Sunday, November 11

Study: Sexist Humor Is No Joke.....

Jokes about female drivers and dumb blondes may be told in good fun, but they can promote discrimination against women, researchers say.

Hmmmmm....Could It be the Conservatives tell too many sexist jokes??

Researchers found: "..... that, upon exposure to sexist humor, men higher in sexism discriminated against women by allocating larger funding cuts to a women’s organization than they did to other organizations," Ford said.

"We also found that, in the presence of sexist humor, participants believed the other participants would approve of the funding cuts to women’s organizations," he said. "We believe this shows that humorous disparagement creates the perception of a shared standard of tolerance of discrimination that may guide behavior when people believe others feel the same way."

LINK: LiveScience
LINK: Women Enjoy Humor More, Study Suggests
LINK: Study: Humor Makes Us Hopeful

Feminist reactions to sexist email jokes:

  • First, the feminist reader may simply critically reject these jokes – for example, by deleting them and/or asking the person who forwarded them not to do so again.
  • Secondly, she may engage in ‘resistant reading’: she may recognize and negatively evaluate the sexist discourse, thus resist and contest the jokes’ presuppositions, but continue to read, analytically. She may position herself as an ‘overhearer’ of a text addressed to men, in order to resist interpellation through identifying with a subject position of ‘men’, or of ‘women’.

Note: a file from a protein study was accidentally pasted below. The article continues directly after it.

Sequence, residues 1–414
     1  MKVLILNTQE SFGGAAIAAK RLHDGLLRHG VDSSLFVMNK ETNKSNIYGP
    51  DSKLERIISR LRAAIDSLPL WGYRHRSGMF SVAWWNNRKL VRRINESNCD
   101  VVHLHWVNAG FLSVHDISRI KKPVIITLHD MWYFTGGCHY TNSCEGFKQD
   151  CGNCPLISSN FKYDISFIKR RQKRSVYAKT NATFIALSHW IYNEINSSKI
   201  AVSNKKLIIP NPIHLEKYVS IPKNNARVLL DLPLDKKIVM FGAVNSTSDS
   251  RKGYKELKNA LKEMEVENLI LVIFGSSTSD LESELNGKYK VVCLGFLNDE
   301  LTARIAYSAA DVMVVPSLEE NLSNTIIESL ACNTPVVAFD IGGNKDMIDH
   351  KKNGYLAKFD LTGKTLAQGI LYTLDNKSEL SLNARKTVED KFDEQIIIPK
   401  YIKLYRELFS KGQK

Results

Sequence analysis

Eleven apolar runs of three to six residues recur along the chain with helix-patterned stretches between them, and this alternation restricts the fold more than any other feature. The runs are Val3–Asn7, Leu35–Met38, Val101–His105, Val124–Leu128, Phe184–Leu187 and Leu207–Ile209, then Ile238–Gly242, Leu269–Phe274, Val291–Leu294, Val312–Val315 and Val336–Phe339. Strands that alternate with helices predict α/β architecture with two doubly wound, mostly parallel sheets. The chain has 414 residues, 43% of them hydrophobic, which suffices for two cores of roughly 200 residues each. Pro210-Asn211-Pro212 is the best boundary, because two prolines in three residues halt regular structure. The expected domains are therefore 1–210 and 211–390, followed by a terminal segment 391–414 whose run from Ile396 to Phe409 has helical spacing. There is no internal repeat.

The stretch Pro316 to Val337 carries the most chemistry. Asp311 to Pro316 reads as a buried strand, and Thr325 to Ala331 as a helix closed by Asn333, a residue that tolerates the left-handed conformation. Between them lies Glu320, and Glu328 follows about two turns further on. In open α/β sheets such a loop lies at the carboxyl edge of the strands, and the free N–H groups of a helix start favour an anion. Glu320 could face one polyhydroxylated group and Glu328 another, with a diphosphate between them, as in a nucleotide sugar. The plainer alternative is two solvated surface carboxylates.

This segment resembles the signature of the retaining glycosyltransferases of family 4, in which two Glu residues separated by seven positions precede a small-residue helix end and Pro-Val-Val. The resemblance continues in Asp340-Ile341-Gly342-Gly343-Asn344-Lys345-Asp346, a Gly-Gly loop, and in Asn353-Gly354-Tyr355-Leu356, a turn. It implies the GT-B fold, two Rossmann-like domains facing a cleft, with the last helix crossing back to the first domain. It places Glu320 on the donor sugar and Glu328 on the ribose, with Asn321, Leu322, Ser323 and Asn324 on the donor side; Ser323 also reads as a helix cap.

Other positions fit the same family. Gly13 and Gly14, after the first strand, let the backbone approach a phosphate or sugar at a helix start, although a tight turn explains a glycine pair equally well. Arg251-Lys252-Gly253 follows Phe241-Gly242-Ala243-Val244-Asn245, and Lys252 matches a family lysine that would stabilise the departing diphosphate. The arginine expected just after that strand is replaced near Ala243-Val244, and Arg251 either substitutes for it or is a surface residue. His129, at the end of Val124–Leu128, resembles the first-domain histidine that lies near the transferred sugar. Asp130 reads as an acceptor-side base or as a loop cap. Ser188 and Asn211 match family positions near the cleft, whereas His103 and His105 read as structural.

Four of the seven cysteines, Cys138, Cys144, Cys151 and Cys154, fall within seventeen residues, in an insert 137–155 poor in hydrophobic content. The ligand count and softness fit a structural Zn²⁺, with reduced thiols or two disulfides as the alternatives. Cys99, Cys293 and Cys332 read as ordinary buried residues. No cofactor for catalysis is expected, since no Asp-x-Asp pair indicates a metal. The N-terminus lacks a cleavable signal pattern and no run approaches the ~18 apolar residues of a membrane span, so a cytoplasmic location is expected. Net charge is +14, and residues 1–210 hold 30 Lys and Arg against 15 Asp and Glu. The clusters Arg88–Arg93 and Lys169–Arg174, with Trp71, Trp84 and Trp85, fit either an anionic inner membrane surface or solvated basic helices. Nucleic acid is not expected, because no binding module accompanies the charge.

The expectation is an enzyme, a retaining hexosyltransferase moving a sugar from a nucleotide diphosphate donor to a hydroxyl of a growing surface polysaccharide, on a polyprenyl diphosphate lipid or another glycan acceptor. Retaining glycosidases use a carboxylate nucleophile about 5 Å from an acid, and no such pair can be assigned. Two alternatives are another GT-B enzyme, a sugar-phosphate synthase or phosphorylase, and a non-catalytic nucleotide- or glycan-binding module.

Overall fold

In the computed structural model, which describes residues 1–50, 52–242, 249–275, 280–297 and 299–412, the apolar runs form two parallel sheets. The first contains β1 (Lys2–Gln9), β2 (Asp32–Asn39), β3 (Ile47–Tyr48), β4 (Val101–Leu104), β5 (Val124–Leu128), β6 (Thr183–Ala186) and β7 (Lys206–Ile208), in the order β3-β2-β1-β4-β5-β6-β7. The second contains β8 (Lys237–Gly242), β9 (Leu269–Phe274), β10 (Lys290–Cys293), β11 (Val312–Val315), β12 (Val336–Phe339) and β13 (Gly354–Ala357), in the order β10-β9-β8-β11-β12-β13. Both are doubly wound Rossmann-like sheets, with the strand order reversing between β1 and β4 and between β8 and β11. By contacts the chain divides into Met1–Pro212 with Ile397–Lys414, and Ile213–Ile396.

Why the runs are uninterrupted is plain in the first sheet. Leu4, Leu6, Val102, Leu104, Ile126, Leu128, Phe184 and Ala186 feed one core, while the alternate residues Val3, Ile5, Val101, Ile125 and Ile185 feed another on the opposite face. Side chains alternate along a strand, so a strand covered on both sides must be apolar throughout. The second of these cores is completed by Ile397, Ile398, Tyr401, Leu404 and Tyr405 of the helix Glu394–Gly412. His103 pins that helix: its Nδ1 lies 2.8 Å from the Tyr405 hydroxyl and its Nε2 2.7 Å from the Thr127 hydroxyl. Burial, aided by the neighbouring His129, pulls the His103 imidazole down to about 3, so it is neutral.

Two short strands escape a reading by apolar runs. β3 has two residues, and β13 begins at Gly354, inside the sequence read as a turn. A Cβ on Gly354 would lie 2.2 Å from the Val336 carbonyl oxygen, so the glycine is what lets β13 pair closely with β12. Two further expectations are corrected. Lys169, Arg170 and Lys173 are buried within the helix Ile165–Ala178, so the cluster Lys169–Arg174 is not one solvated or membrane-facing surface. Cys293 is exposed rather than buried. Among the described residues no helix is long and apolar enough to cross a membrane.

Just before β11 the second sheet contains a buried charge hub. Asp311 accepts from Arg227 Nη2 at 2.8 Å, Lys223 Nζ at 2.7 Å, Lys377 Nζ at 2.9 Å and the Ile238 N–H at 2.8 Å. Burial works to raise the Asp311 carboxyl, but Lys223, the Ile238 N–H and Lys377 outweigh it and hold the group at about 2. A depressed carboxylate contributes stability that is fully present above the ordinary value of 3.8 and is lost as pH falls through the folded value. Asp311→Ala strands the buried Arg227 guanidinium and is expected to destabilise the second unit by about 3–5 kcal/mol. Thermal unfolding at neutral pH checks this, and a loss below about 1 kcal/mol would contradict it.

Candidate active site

• Thirdly, she may critically enjoy the text. For example, as suggested above, she may co-construct the text’s ironic potential, ‘double discourse’ the text, and take critical intellectual pleasure in that. “Jokes at the expense of others can also intersect in complex ways with those at one’s own expense” holds very true. But if this is the case, then we can also see the jokes as being (at least in part) not about women at all, but rather about the writers and (male) consumers of the jokes – suggesting a fourth reading.
  • This fourth reading is to ‘reclaim’ the jokes, from a feminist perspective. Cognitively more complex, but perhaps ultimately more satisfying, is to ‘refocalise’ (ironicise?) the jokes for ourselves and take the woman’s perspective, moving the ‘object’ of the joke (women) to subject position and make the original focalisers, men, the object.

This allows us to see humour in the fact that these tired old stereotypes are still in circulation and that some people still enjoy them: “Nice spoofs – but how silly these jokes and their producers and the consumers who unthinkingly find their presuppositions funny are!”

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